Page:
Researchers Study Exercise To Curb 'Chemo Brain'
Researchers at the Vanderbilt-Ingram Cancer Center are studying whether exercise can help curb memory and cognitive problems experienced by many cancer survivors following chemotherapy, with the help of funding from the Foundation established by well-known cancer survivor and athlete, Lance Armstrong.
The funding will allow Charles Matthews, Ph.D., and Laurel Brown, Ph.D., in the Departments of Medicine and Psychiatry, and a team of researchers at Vanderbilt-Ingram, to take a closer look at the chemotherapy side effect commonly referred to as "chemo brain" or "chemo fog," and determine whether starting a walking exercise program can help patients with these problems.
"A substantial number of cancer survivors who receive chemotherapy report mild to moderate cognitive impairment that persists following treatment. These impairments have been reported across a range of cancer types and chemotherapy agents," said Brown.
Participants will be asked to make three visits to Vanderbilt University Medical Center during this six-month study, and will be placed into either a walking exercise group or a control group. Study members in the exercise group will receive a personalized walking program that they can do at home, counseling to help them reach their exercise goals, and techniques to help with memory problems. People enrolled in the control group will immediately receive counseling and techniques to help with memory problems, but will only be given the exercise program at the end of the six-month study period. All participants will be asked to complete measures of memory and cognitive function, physical activity and fitness, questionnaires, and to provide urine and blood samples. Anyone 18 and older who has received chemotherapy in the last five years, experienced persistent memory or cognitive problems since chemotherapy, does not already exercise regularly, and has no history of brain cancer, heart disease, or a serious medical condition that could be worsened by exercise, is eligible for the study.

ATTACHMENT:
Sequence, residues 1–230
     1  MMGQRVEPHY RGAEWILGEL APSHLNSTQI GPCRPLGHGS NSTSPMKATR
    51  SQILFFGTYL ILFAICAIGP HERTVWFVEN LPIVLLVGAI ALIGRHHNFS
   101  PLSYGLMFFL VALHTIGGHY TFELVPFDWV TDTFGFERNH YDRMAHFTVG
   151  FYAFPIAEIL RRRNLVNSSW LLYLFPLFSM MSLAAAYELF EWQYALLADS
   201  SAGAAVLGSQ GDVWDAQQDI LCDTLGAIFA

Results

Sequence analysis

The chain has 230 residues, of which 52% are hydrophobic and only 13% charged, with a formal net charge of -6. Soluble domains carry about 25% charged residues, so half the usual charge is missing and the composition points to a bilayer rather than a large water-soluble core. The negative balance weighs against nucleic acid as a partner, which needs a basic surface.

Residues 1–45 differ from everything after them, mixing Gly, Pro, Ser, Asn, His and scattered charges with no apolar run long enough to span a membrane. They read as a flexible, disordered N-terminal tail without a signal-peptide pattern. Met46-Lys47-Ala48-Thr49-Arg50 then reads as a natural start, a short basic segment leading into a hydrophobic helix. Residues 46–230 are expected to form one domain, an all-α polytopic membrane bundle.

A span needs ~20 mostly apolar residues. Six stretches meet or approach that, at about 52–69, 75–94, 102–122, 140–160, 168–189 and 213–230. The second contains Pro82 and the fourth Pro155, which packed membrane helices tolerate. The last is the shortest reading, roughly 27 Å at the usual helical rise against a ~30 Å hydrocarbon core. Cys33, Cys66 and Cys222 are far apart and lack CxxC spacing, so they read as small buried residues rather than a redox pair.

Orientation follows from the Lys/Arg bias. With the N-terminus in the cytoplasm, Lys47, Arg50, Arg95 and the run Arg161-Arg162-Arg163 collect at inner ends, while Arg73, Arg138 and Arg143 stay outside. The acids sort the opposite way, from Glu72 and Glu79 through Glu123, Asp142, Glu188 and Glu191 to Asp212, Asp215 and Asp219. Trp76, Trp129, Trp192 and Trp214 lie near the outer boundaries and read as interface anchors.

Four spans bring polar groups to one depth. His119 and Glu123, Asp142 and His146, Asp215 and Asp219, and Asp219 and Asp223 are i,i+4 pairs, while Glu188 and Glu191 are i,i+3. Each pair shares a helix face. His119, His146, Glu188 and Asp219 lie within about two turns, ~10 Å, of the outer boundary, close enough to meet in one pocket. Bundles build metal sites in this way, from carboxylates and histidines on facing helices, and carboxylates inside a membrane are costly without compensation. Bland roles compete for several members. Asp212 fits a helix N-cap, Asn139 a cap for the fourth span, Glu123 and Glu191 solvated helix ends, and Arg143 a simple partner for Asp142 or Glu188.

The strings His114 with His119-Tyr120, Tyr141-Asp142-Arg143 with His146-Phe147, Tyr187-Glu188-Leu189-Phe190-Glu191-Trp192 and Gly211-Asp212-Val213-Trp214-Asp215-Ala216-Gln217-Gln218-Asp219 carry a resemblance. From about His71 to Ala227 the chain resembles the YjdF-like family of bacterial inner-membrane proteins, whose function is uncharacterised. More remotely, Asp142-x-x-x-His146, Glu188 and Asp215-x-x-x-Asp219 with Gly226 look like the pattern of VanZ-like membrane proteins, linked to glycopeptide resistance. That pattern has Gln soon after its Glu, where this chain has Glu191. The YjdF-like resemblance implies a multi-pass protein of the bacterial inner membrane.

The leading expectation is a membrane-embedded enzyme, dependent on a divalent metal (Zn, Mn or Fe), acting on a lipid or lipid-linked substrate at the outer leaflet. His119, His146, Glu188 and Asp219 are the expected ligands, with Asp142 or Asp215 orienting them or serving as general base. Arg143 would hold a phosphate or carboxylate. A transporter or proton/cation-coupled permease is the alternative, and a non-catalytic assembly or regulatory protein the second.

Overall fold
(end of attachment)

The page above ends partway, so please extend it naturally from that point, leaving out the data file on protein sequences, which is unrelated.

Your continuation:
Matthews said exercise at levels most adults can perform - such as brisk walking for 30 to 45 minutes, four to five days a week - has been shown to improve cognitive function in older adults. "A wealth of research now indicates that exercise participation preserves cognition function as we age. In addition, sedentary older adults without cancer who completed six months of exercise have been shown to improve their cognitive function. We want to see if exercise might help cancer survivors in the same way," said Matthews.
Matthews said the exercise intervention study is the first of its kind for cancer survivors. "To our knowledge this study would be the first to examine the influence of regular exercise on cancer survivors who experienced cognitive difficulties following chemotherapy."
Matthews and his research team hope to identify new tactics to help cancer survivors coping with "chemo brain" and provide substantial information to lead the way for further studies that address quality of life issues faced by cancer survivors.
Vanderbilt was one of 21 institutions across the country and in Rome, Italy, to receive cancer survivorship and testicular cancer research grants from the Lance Armstrong Foundation.